steven.ramsay at
Steven Ramsay
School of Computer Science
University of Bristol, UK

I am a Senior Lecturer in the Programming Languages Group in the School of Computer Science at the University of Bristol. My work concerns mathematical theories for reasoning about computation, and their application in the design of more intelligent and predictable tools for programming.

If you are interested in studying for a PhD with me on one of these topics, take a look at my research below and then let me know what you are interested in. For some of my more recent papers, I have linked separate introductions that are more suitable for a general PL audience (some background in type systems and/or logic).


My research is on program analysis and automated reasoning, especially for applications in program verification.

  • Tools for functional programming [POPL'21] [PLDI'22] [POPL'24]. Designing tools based on automated reasoning to help programmers write bug-free code.
    • Ill-Typed Programs Don't Evaluate : a short, accessible introduction to my POPL'24 work on a fundamental new extension to the notion of type system, and an application to incorrectness reasoning.
    • Intensional Datatype Refinement : a short, accessible introduction to my POPL'21 work on a refinement type system for predictable program analysis for verifying (pattern-match) safety properties.
  • Fragments of higher-order logic [POPL'18] [LICS'21] [POPL'23]. Investigating restrictions of higher-order logic that give good computational properties.
    • Higher-Order MSL Horn Constraints : a more accessible introduction to my POPL'23 work on a decidable fragment of higher-order Horn clauses and a deeper correspondence between formulas and types.
  • Higher-order model checking [POPL'11] [POPL'14]. Designing new methods for the higher-order extension of software model checking.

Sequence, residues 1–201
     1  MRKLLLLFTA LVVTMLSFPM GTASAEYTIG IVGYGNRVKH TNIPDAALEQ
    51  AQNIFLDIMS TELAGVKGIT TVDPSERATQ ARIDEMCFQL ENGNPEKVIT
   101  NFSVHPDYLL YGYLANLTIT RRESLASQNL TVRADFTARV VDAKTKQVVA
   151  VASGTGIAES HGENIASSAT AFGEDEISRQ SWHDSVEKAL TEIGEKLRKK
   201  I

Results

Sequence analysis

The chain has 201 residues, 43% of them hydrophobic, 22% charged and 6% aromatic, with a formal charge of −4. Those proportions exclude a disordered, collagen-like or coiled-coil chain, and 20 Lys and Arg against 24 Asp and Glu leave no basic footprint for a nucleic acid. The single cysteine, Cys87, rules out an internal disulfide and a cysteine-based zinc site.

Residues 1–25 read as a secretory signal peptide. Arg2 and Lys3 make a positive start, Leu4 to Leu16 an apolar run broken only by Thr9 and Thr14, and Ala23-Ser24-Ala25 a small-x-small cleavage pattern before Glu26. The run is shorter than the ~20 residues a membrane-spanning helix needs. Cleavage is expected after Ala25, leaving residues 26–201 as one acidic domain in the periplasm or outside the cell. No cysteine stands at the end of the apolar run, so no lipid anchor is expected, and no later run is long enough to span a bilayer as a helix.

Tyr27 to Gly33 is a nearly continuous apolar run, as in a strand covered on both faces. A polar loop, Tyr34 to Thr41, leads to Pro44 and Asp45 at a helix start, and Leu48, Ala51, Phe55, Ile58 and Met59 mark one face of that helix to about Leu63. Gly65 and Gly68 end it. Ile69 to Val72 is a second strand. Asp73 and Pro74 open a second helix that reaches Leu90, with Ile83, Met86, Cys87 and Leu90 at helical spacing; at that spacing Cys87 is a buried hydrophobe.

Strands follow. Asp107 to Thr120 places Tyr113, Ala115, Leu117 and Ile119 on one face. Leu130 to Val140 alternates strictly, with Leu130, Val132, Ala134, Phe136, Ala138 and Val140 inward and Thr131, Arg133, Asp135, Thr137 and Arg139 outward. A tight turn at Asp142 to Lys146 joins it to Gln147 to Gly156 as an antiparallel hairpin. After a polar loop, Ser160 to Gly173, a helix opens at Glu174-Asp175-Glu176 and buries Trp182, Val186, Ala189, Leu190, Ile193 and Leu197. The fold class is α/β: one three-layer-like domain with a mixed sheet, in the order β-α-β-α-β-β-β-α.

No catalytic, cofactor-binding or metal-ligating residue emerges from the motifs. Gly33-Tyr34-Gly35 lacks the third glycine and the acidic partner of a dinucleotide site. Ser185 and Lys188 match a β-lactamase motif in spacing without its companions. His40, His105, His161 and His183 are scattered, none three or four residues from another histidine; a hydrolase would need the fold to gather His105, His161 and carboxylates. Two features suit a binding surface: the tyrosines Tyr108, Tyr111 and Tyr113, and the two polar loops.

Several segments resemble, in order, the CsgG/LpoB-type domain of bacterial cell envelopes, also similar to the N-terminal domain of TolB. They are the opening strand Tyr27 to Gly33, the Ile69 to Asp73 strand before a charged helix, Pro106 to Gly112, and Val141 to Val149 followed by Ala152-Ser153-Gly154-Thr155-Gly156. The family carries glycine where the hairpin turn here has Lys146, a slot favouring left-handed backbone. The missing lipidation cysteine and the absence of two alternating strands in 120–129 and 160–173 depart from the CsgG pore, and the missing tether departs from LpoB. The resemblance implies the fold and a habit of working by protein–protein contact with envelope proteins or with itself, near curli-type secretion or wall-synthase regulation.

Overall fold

• Automata over infinite alphabets [LICS'15] [JCSS'17]. Classifying foundational problems for register automata by their computational complexity.

Funded Projects

  • Meta Research. A $50k award to develop a scalable static taint analysis for Core Erlang.
  • EPSRC (EP/T006595/1). A 3.5 year project on Higher-Order Constrained Horn Clauses: A New Approach to Verifying Higher-Order Programs.
  • UK Research Institute on Verified, Trustworthy Software Systems. A PhD studentship on Higher-Order Program Invariants.

PhD Students

  • Toby Cathcart Burn, co-supervised with Luke Ong and funded by the University of Oxford.
  • Eddie Jones, co-supervised with Luke Ong and funded by the VeTSS Research Institute.
  • Charlie Walpole, funded by the University of Bristol.


I run the following two courses at the University of Bristol:

  • COMS30040: Types and Lambda Calculus. An introduction to the theory of PCF, pure lambda calculus and the Curry-Howard correspondence.
  • COMS20007: Programming Languages and Computation. An introduction to programming language theory and the theory of computation.